While it seems like the COVID pandemic has taken over every waking moment of our lives, the impending end of LIBOR marches ever onward. All signs point to a termination date for the troubled benchmarks at the end of 2021, pandemic be damned.
The purpose of this post is not to discuss the road to transition so far, though if you’d like to take a trip down memory lane, here is what we have seen. Instead, we wanted to bring your attention to the fact that, whilst the UK Financial Conduct Authority’s (FCA) momentum continues, COVID has created some bumps in the road, even on the journey to the end of LIBOR.
Similar to the ARRC, the UK Working Group on Sterling Risk-Free Reference Rates (WGRFR), established back in 2015, has not only been consistent in its communications that market participants cannot rely on LIBOR being published after the end of 2021 (to which the UK regulator is fully committed), but the WGRFR has also set interim milestones to be passed on the way to achieving the enormous task at hand.
The recent tone of FCA announcements and speeches relating to LIBOR is very clear that market participants should not expect that LIBOR will be around after the end of 2021. However, COVID has derailed progress for some of the interim milestones. Following a joint statement of recognition by the FCA, the Bank of England and the WGRFR of the impact that the pandemic has had on the financial markets and thereby also on the LIBOR transition project (particularly in the sterling loan market), the WGRFR recently recommended some adjustments to the sequencing of interim deadlines. Concerned about disrupting the flow of funds to companies struggling to survive amid the COVID shutdown, the WGRFR announced that new sterling LIBOR-linked loans with a maturity date after 31 December 2021 could still be entered into until the end of March 2021. This represents a six-month extension from the date that had been originally proposed, but the extension comes with two significant conditions. Firstly, transition mechanics must be included in the loan documentation and secondly, borrowers must, in the first instance, be offered non-LIBOR-linked interest rates. Only where a borrower expressly requests a LIBOR-linked interest rate may a LIBOR-linked loan be made to it.
While the loosened timeframe should assist in providing borrowers in the sterling cash market easier access to loan capital during the COVID pandemic, the message remains that lenders, and market participants in general, should continue full steam ahead with their LIBOR transition plans and keep an eye on the long game when it comes to LIBOR.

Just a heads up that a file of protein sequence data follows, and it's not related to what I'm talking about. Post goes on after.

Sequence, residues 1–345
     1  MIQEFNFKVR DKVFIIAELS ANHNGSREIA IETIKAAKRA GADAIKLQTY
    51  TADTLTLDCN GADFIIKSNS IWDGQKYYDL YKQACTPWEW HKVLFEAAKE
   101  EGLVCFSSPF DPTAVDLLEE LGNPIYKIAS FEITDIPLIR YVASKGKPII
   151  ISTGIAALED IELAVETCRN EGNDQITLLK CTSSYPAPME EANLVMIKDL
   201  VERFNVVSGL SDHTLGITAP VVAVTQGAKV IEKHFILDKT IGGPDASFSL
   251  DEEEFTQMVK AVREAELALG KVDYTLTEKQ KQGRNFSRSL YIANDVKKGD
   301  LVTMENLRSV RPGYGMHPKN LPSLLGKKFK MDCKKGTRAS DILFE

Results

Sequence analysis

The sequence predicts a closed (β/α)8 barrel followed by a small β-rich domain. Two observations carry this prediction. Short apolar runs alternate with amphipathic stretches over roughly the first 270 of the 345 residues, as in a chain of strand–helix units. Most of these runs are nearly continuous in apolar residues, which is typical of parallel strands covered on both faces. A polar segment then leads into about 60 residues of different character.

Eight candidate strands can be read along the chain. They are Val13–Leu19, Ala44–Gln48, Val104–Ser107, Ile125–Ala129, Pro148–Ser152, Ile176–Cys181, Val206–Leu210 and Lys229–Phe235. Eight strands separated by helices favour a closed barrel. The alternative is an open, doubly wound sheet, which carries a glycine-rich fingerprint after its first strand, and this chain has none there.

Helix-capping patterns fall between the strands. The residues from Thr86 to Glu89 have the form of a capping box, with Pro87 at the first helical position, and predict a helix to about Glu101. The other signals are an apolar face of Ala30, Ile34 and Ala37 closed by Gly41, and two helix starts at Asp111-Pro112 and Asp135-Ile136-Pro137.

In line with the original timeline, banks should be able to offer sterling loan products whose interest rate is not linked to LIBOR to their customers by the end of September 2020 – and only enter into LIBOR-linked loans if the borrower requests. From October 2020 clear contractual provisions must be included in any new or refinanced loan to transition to SONIA or another alternative interest rate after the end of 2021 – not just ‘fallback’ rates but express, active transition mechanics. The challenge that banks and other lenders face in doing so is undisputedly one of the greatest they have faced in decades – the legal work to agree new industry conventions and renegotiate contracts, the required upgrades to technological and operations systems, and all whilst facing an economic shutdown of unprecedented proportions.
The UK regulators did at least initially and temporarily ease some administrative burdens on them – for instance, the Prudential Regulation Authority and the FCA suspended transition data reporting at the end of first quarter of 2020 for dual-regulated banks, but full supervisory engagement will resume from 1 June 2020. Reasons for this renewed focus on LIBOR transition include those cited in the Bank of England’s Financial Policy Committee’s Interim Financial Stability Report published on 5 May 2020, which point out how the recent market volatility highlights the weaknesses of LIBOR benchmarks, and thereby also the need to move away from them.
And thus, pandemic or not, one thing appears to remain certain: LIBOR is still going away at the end of 2021.
[The authors have written this post with contributions from the London team leading Dechert’s European benchmark transition work.]